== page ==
Category: Archive

Highway mayhem

February 16, 2011

By Staff Reporter

Be it the returning native or tourist, anyone who has visited Ireland this year will have noticed the cars. Bigger, newer, faster models roaring along country roads or crawling bumper to bumper through the country’s traffic-snarled cities and towns. And there are many more of them to boot.

Ireland is in love with the automobile like never before. Companies such as Mercedes can’t keep up with orders from the Celtic Tiger’s revved up populace. Everyone is in a hurry. Might as well be comfortable and impress the neighbors. This is all to the good, of course, a highly visible sign of a highly tuned economy.

But there is a darkside.

The carnage on Irish roads is growing worse by the week. People are being killed by the dozen each month, many of them young drivers, A significant percentage of fatal accidents involve only one vehicle, driven at high speed. The word "carnage" has been so often used by headline writers for Ireland’s daily papers that it has become a virtually meaningless description.

Anyone who has driven in rural Ireland recently will have noticed the extreme speed that most drivers get up to, even on the narrowest of roads. It’s not just the hedges that are being clipped as a consequence.

Irish drivers once prided themselves on their courtesy to fellow motorists. But like the donkey and cart of postcard fame, those last vestiges of highway chivalry are fading fast in Ireland’s collective rearview mirror.

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There have been calls for a toughening of licensing qualifications, curfews and speed limits on young, inexperienced drivers. Insurance rates, already high, are set to rise even higher. The Irish police, the Gárda Síochana, have been dishing out on-the-spot speeding fines at record rates. Many residential neighborhoods are now laced with speed ramps. Driving from county to county on main roads, motorists are now treated to signs placed by the county authorities. They tally the number of people who have been killed on the county’s roads in recent years. Sadly, as with those McDonald’s signs that tell you the number of burgers sold, the figures on these signs only rise and never fall.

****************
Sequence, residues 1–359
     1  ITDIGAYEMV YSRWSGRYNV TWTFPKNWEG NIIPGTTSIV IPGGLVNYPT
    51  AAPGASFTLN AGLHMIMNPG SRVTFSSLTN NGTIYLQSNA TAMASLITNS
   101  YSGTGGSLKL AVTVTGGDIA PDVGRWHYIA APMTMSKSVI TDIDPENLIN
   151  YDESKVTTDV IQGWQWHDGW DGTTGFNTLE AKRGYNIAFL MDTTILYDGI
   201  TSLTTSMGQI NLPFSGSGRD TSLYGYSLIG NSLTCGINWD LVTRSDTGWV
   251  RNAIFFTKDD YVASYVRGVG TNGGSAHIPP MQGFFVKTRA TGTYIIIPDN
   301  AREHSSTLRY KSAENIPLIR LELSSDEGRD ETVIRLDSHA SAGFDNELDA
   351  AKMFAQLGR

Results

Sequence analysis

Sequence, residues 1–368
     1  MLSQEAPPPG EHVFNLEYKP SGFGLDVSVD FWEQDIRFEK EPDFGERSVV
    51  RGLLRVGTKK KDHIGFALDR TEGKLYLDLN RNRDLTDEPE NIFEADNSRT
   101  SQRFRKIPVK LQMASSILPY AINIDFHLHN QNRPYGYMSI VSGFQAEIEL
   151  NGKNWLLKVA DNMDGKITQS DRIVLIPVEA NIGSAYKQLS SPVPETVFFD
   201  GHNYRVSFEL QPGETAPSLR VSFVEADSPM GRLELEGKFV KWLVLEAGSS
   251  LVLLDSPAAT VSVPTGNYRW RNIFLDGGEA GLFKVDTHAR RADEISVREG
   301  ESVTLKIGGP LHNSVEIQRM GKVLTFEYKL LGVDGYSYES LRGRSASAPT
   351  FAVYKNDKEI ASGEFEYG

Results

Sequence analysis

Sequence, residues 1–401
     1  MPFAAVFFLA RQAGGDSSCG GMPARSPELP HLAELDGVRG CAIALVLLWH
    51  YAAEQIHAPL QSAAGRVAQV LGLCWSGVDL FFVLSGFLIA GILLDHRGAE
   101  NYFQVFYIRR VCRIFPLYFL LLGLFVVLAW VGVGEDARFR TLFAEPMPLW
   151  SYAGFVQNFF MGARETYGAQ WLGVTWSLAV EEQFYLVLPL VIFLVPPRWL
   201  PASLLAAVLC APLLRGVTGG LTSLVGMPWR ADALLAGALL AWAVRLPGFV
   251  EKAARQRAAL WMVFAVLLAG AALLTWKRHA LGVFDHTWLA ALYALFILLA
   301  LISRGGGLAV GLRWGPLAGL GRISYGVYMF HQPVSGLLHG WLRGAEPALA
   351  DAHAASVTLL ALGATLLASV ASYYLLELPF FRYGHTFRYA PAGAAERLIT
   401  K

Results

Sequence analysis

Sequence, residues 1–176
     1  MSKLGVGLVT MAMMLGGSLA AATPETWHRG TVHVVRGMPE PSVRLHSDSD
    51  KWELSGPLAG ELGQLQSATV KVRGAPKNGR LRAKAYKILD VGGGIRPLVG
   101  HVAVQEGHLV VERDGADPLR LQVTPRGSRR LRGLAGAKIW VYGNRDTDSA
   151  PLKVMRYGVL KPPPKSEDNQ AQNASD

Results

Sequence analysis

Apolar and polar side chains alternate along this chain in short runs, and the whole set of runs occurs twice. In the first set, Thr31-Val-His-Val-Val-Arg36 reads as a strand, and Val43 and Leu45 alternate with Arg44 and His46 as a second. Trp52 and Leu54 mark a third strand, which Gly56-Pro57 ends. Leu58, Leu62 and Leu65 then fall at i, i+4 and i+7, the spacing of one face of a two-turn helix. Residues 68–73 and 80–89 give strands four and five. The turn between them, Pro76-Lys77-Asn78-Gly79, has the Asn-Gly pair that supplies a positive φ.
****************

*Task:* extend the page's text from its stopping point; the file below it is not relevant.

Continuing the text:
And yet, despite these efforts, the death toll continues to mount. So what to do?

Improved roadways would appear to be partly the answer. Better educating young drivers would be a help, as would stiffer legal penalties for dangerous driving. But more than anything, it comes down to the individual driver and a million personal decisions each and every day. Leave a little earlier, drive a little slower — in some cases a lot slower — give way to the next guy, don’t compete, don’t drink, don’t show off, don’t lose your cool!

Wishful thinking perhaps. But the kind of thinking that could save one life, perhaps many lives.

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